For many of our readers, your home will be the most expensive thing you own at any given time. It is, therefore, a good idea to get things right when purchasing as you don’t want unexpected costs or anything to go wrong. This is particularly important when you consider your first home. You will often not be established enough to absorb costs as they arise, and it is better to spend time rather than money when making sure everything is as it should be. The nature of first homes means that you may not have extensive experience to fall back on when making decisions, but that’s what we are here for, and these 10 tips should give even novice buyers the ideal opportunity to get it right first time.
1. Raise the Biggest Deposit you Can
If you are at the stage where you are choosing the right home, then you have probably been working on the deposit for a while. Hopefully, you have taken advantage of help and support from government initiatives along the way, although it is never too late to start unless you plan to exchange contracts tomorrow. Either way, you’ll need at least a 5% deposit, but the further you can go over and above this number, the better the deal you will get. We can empathise with first-time buyers that want to think about the house first and ongoing costs later, but this is something that needs to be in place.
2. Start the Mortgage Search Early
Some mortgage offers will be off the table, either because you do not fit the criteria, lack the credit score, or because they do not cover the properties that you are looking at. With those filtered out, the rest represent your options, and nobody can make the final decision except you. The specific mortgage package can be chosen later, but you will at least want an idea of your budget. Most lenders will offer between 3 and 4.5 times the salary of all buyers combined, and that is the amount you can afford to spend.
3. Get a Feel for Your Target Area
In ideal circumstances, you will move to an area you already know, but it does not always work out that way. If you are heading into unfamiliar territory, take the time to experience what it is like to live there before committing. Spend a couple of nights there, even if it is in a hotel, and see what the route to work is like. There are plenty of online tools that will also give an overview of a specific area, covering school rankings, crime rates, local amenities and more.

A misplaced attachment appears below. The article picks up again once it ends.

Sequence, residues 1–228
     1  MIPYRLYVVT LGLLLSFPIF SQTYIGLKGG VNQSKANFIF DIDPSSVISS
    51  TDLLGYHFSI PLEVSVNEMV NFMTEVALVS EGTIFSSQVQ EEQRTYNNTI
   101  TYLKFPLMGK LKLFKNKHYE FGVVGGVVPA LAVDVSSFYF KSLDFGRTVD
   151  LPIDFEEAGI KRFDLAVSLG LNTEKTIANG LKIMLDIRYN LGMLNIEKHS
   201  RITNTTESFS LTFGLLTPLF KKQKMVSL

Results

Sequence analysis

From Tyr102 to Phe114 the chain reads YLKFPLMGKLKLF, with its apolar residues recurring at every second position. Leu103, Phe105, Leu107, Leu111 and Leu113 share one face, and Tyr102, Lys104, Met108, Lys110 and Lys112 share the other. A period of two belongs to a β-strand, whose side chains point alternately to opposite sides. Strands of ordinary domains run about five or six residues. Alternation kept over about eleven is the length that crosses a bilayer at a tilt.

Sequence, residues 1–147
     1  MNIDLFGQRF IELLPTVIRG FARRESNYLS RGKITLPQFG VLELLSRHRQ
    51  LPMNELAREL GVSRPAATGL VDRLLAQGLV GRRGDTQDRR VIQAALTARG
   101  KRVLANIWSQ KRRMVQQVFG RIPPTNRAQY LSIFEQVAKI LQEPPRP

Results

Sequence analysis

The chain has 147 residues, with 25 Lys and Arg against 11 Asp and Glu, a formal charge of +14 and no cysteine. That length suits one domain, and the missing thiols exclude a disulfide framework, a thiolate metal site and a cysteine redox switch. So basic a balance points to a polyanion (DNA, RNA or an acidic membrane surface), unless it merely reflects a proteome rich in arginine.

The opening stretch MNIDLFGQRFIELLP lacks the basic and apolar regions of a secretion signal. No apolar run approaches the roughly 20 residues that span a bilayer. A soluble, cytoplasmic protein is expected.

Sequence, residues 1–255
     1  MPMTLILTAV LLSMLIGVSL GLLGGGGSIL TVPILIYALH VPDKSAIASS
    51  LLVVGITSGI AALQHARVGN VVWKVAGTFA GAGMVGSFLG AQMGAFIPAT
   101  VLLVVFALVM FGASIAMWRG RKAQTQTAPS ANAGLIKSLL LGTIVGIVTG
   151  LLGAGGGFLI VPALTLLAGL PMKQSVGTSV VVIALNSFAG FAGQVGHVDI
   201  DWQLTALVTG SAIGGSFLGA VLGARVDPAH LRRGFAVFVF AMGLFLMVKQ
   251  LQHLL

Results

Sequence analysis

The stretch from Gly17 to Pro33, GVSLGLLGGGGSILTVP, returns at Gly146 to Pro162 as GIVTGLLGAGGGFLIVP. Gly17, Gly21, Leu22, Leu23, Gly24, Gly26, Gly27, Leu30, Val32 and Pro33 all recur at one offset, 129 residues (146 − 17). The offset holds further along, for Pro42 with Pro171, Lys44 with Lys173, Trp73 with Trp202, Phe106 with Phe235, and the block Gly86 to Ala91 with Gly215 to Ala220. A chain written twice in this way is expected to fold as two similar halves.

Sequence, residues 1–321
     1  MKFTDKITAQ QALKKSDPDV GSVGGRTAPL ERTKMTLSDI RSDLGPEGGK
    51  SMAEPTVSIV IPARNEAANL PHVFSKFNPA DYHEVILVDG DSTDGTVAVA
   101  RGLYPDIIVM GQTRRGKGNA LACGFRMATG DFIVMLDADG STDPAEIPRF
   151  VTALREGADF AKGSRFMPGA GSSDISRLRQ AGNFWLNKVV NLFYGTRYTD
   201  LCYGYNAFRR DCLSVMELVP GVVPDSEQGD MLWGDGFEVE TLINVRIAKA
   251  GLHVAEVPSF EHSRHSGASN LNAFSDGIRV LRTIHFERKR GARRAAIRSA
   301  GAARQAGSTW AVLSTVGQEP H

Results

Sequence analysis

4. Start Viewing as Soon as You’re Ready
You can get a feel for a property from looking at photos online, but nothing beats seeing it in the flesh. Even if you have no intention of buying a specific property, it can be worth looking at even if only to give you an idea of what to look for in the future. Viewings are not commitments, and sellers expect failed viewings. You may unearth a hidden gem where the online listing did not do it justice. You will also start to build a rapport with local estate agents, who are handy for answering questions and describing the nuances of the local area – just remember that they are ultimately looking to make a sale.
5. Get an Offer in Early
When you have found the perfect property and are sure of your decision, you should get an offer in right away. In less popular areas, you might have time to mull on it. However, the chances are that if a property is perfect for you, it will be just as perfect for someone else and missing out is a horrible feeling.
6. Get Your Mortgage Sorted
The offer can be made without a mortgage, but once it is accepted, you need to get to work on getting the mortgage in place. Mortgage brokers and financial advisers are a good idea here, not least because even the most experienced home buyers tend to use them. If you go through the process correctly, they should not cost you anything either. The adviser gets paid from the lender rather than the client in ideal cases, and this is rarely passed on to the home buyer directly. They will be able to tell you where you are likely to be accepted, how much you can borrow and what you’ll need to do to give yourself the best chance of acceptance.
7. Get Surveys Done
Most mortgage lenders require an independent survey and valuation in their terms. Even if they did not, we would still recommend getting it done. These tasks are carried out by experts, and it is on them to verify that you are getting what you’re paying for. We mentioned early on that we try to avoid nasty surprises, and this is your chance.
8. Don’t Forget Removals and Insurance
Even if this is your first home, you’ll have possessions that need moving from somewhere. Removal companies like a full calendar as much as any other business, so the earlier you get in contact, the more likely you are to get your ideal date and time. Insurance should be in place from the moment the house enters your possession too – it probably will not fall down on the day you buy it, but the monthly premium is a small price to pay if it does.
9. The Exchange is Close to Final, but Not Quite
Once you exchange contracts, you are practically there on the purchase, but keep your wits about you. You are legally bound to complete the purchase and pay a deposit to prove it. If anything goes wrong at this stage and it is your fault, that is your whole deposit lost.
10. Complete and Move In
On the day of completion, you’ll feel a massive weight lifted from your shoulders. Your solicitor pays the rest of the purchase price, the keys are in your hands, and the home is yours. Our only tip here is to enjoy the moment, as there are few better feelings in life than completing on your first home!